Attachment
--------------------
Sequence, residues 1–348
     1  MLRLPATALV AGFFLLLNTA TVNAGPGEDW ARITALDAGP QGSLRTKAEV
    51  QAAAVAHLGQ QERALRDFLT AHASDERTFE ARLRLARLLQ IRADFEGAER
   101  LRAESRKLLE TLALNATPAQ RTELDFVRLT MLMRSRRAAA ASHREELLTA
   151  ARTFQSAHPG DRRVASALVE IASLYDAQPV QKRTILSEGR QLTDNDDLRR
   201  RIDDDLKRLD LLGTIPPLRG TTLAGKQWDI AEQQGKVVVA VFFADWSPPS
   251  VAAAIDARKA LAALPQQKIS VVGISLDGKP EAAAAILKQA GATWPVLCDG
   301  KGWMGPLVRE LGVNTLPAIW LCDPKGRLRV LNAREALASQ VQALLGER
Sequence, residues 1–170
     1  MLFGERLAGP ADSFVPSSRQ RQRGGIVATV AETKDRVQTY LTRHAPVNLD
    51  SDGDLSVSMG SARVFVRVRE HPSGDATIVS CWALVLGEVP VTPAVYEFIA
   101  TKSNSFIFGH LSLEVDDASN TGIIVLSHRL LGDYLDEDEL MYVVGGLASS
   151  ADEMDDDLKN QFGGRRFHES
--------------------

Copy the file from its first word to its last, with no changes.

Sequence, residues 1–348
     1  MLRLPATALV AGFFLLLNTA TVNAGPGEDW ARITALDAGP QGSLRTKAEV
    51  QAAAVAHLGQ QERALRDFLT AHASDERTFE ARLRLARLLQ IRADFEGAER
   101  LRAESRKLLE TLALNATPAQ RTELDFVRLT MLMRSRRAAA ASHREELLTA
   151  ARTFQSAHPG DRRVASALVE IASLYDAQPV QKRTILSEGR QLTDNDDLRR
   201  RIDDDLKRLD LLGTIPPLRG TTLAGKQWDI AEQQGKVVVA VFFADWSPPS
   251  VAAAIDARKA LAALPQQKIS VVGISLDGKP EAAAAILKQA GATWPVLCDG
   301  KGWMGPLVRE LGVNTLPAIW LCDPKGRLRV LNAREALASQ VQALLGER
Sequence, residues 1–170
     1  MLFGERLAGP ADSFVPSSRQ RQRGGIVATV AETKDRVQTY LTRHAPVNLD
    51  SDGDLSVSMG SARVFVRVRE HPSGDATIVS CWALVLGEVP VTPAVYEFIA
   101  TKSNSFIFGH LSLEVDDASN TGIIVLSHRL LGDYLDEDEL MYVVGGLASS
   151  ADEMDDDLKN QFGGRRFHES